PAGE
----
The Future is NOW!

I love living in the future!

Granted, I don't have a flying car or jetpack, but I don't know that those would be good transportation choices for someone with acrophobia. I don't even like going up in high buildings. I certainly wouldn't want to live in one of those flying apartment things. You can keep your Jetsonian future, thank you very much.

I think I am relieved that the Gibsonian* cyber-punk future hasn't become the present. Not because of the dystopian thing like you would think. I remember reading Neuromancer and thinking how cool it would be to be able to plug directly into a computer. Considering the drain on productivity that Facebook and the Zynga games have become, perhaps it is best that I don't have that direct interface.

No, I am quite pleased with the futuristic items which are now part of my present. I carry a communication device which allows me to connect to anyone almost anytime and anywhere. If I choose, this communication can be textual (my preferred method), vocal, or what-ever the "al" word for face to face video conferencing is. This same device is also a still camera, a video camera, contains a library of reading material, a second library of music, and a whole toy chest full of games that I can play alone or with others.

That's just the one I have in my pocket. There is also the slightly larger device which does all of that and more. The one that I am writing this on right now.

To be honest, the inspiration for this entry was neither of these devices but actually an accessory which works with each and the applications which are associated with it. I'm not really sure why I am making such a big deal out of it. What I do know is that when I set it up I had that "I live in the future moment."***

The item in question is a little gizmo which plugs into the audio out jack of my iPhone/iPad and allows me to read the magnetic strips on key cards.

More simply, I have a credit card swiper.

The
GLAHW has been knocking around the idea of accepting credit cards for about a year now. We make a number of appearances each year. We usually have books, magazines, and other merchandise available for sale. Sometimes people just simply do not have the cash on hand. Being able to accept credit cards would solve this problem.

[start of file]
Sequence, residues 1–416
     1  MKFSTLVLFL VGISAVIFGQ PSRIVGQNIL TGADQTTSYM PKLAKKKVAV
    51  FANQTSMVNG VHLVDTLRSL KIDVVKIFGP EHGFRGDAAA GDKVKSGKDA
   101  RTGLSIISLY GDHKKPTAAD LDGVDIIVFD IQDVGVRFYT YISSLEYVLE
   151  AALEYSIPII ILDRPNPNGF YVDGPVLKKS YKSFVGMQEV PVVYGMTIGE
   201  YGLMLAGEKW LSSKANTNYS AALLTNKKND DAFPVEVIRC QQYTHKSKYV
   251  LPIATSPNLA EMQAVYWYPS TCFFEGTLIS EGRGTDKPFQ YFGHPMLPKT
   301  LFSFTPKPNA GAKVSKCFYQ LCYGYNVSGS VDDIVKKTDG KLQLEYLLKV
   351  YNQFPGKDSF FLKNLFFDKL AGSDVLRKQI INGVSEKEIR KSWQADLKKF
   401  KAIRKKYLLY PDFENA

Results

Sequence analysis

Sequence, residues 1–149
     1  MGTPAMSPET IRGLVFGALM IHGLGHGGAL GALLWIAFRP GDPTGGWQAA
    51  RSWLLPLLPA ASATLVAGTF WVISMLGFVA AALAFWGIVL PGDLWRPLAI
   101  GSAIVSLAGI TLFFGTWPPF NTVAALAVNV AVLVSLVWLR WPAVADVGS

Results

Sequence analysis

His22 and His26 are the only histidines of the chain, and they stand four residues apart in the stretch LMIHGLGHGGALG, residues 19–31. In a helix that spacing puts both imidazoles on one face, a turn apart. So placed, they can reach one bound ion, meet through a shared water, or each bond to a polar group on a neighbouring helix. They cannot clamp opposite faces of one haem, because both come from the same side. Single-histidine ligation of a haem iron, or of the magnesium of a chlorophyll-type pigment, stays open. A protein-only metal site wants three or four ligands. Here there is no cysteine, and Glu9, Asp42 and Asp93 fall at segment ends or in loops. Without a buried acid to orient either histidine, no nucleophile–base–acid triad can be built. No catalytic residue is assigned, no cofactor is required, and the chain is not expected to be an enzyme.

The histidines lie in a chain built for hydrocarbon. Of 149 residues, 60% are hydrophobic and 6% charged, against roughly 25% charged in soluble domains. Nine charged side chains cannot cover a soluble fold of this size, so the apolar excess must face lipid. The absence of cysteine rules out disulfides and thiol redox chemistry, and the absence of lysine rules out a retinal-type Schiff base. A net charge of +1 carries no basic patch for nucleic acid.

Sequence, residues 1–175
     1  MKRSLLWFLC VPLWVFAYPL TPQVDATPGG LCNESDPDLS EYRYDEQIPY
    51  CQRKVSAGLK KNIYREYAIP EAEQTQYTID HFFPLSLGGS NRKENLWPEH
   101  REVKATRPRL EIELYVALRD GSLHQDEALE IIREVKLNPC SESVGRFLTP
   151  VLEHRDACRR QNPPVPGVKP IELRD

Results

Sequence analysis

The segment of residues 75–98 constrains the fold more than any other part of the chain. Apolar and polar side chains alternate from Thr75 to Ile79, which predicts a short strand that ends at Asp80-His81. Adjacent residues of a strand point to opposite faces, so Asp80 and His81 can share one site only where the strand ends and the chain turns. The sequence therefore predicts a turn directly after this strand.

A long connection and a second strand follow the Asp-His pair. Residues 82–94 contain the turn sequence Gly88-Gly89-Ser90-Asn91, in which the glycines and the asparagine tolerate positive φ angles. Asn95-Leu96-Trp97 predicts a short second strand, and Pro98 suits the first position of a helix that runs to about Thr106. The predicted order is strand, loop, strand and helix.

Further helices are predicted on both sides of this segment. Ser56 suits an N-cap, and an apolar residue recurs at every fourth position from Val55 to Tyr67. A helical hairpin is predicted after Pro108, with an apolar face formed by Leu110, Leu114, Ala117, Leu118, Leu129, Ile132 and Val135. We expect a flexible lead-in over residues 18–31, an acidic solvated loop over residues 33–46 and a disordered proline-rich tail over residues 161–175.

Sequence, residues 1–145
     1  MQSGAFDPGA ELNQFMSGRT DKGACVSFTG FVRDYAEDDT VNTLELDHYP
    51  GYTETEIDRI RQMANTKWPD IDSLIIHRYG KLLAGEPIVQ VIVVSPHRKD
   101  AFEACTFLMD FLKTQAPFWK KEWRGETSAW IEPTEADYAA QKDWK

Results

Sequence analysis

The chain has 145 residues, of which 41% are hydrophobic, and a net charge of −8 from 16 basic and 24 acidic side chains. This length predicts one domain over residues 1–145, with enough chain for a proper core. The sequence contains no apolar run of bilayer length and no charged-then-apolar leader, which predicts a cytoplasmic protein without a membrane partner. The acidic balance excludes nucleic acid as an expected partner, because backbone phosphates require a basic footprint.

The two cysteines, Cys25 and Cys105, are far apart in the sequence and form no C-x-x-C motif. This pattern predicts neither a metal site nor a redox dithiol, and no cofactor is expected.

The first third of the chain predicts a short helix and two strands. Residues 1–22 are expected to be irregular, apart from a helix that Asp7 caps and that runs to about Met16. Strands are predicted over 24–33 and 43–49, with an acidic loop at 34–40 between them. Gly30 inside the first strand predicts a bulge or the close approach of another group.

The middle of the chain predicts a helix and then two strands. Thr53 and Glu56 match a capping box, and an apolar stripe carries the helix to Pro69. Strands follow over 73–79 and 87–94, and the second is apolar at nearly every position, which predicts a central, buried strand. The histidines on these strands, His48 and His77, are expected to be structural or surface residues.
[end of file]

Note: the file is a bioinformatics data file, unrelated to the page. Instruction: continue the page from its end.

I am going to pause here for a moment and draw your attention to what has me all wired.*4
Credit cards went from being something used primarily by traveling salesmen to the predominate method of making purchases in a roughly my lifetime.*5 I distinctly remember standing in line while people wrote out checks for their groceries. The bookstore I worked at in the late 80s was using cutting edge technology when it moved to the Veriphone Zon Jr (a smaller swiper/numeric keypad/printer) and we only had to use the big CHA-CHANG thing when the system went down. You know what I mean. That thing that looked kind of like a shoe store foot measuring device that the clerk put your card in. Yep, we were very glad to not have to spend five minutes every night washing the purple mimeo ink off of our fingers.*6

Fast forward 30 or so years. Last year I used my credit card for a couple of purchases at the Renaissance Festival. And no CH-CHANG for some of them. Just a quick swipe and a sign the screen please.

In a temporary storefront without electricity or phone lines in the middle of a wooded area.

Think about all of the developments that were required for that to happen. Not only did someone have to develop the actual technology to read the magnetic strip on the credit cards, it had to evolve to the point where it could be carried anywhere. Miniaturization and coding, hand in hand. There had to be a digital infrastructure in place which allows immediate access to financial information (thank you internet). Mobile technology had to develop to the point where it could access the internet from anywhere. This meant network coverage which extends just about everywhere (in North America).*8

We won't even start on the touch screen signature part.*9

And now I'm part of this!

Well GOOOOL-LY!

There were actually a number of things for the group to consider. Most of the credit card verification companies will give you the little swiper dealie for free when you sign up, so price wasn't an issue that way. The financial question was how much use of the service would cost us. Some of the services charge a monthly fee, others a per transaction fee. Our sales cluster around specific times of year, namely the spring conventions and Halloween appearances. Paying a fee for the other 8 or 9 months doesn't seem all that practical.